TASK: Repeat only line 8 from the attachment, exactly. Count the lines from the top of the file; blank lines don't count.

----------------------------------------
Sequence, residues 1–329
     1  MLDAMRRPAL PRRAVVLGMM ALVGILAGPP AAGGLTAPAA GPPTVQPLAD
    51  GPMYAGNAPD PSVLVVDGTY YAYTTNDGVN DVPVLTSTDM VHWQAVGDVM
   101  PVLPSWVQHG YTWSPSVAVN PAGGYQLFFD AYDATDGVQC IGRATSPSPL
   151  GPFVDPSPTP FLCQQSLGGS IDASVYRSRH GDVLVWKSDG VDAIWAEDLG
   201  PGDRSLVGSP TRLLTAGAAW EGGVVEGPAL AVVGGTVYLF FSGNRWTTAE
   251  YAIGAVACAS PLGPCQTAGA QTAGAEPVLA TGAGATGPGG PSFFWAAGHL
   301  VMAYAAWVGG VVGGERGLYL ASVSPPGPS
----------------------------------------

   301  VMAYAAWVGG VVGGERGLYL ASVSPPGPS